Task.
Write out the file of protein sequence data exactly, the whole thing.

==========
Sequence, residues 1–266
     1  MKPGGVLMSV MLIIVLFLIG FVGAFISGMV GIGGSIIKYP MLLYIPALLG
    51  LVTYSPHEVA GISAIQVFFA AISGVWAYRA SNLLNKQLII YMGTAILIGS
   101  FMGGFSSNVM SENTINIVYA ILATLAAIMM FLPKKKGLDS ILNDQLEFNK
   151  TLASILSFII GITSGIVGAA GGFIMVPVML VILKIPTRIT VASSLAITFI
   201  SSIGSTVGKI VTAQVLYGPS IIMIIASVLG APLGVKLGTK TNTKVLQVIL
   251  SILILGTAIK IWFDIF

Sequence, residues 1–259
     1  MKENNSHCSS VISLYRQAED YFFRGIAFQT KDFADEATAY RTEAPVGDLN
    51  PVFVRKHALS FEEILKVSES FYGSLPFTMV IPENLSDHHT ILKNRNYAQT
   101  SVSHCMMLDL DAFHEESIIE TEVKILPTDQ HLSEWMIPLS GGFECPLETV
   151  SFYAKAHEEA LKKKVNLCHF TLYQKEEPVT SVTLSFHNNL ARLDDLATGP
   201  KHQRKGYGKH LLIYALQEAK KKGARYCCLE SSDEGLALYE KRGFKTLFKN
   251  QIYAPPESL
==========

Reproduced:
Sequence, residues 1–266
     1  MKPGGVLMSV MLIIVLFLIG FVGAFISGMV GIGGSIIKYP MLLYIPALLG
    51  LVTYSPHEVA GISAIQVFFA AISGVWAYRA SNLLNKQLII YMGTAILIGS
   101  FMGGFSSNVM SENTINIVYA ILATLAAIMM FLPKKKGLDS ILNDQLEFNK
   151  TLASILSFII GITSGIVGAA GGFIMVPVML VILKIPTRIT VASSLAITFI
   201  SSIGSTVGKI VTAQVLYGPS IIMIIASVLG APLGVKLGTK TNTKVLQVIL
   251  SILILGTAIK IWFDIF

Sequence, residues 1–259
     1  MKENNSHCSS VISLYRQAED YFFRGIAFQT KDFADEATAY RTEAPVGDLN
    51  PVFVRKHALS FEEILKVSES FYGSLPFTMV IPENLSDHHT ILKNRNYAQT
   101  SVSHCMMLDL DAFHEESIIE TEVKILPTDQ HLSEWMIPLS GGFECPLETV
   151  SFYAKAHEEA LKKKVNLCHF TLYQKEEPVT SVTLSFHNNL ARLDDLATGP
   201  KHQRKGYGKH LLIYALQEAK KKGARYCCLE SSDEGLALYE KRGFKTLFKN
   251  QIYAPPESL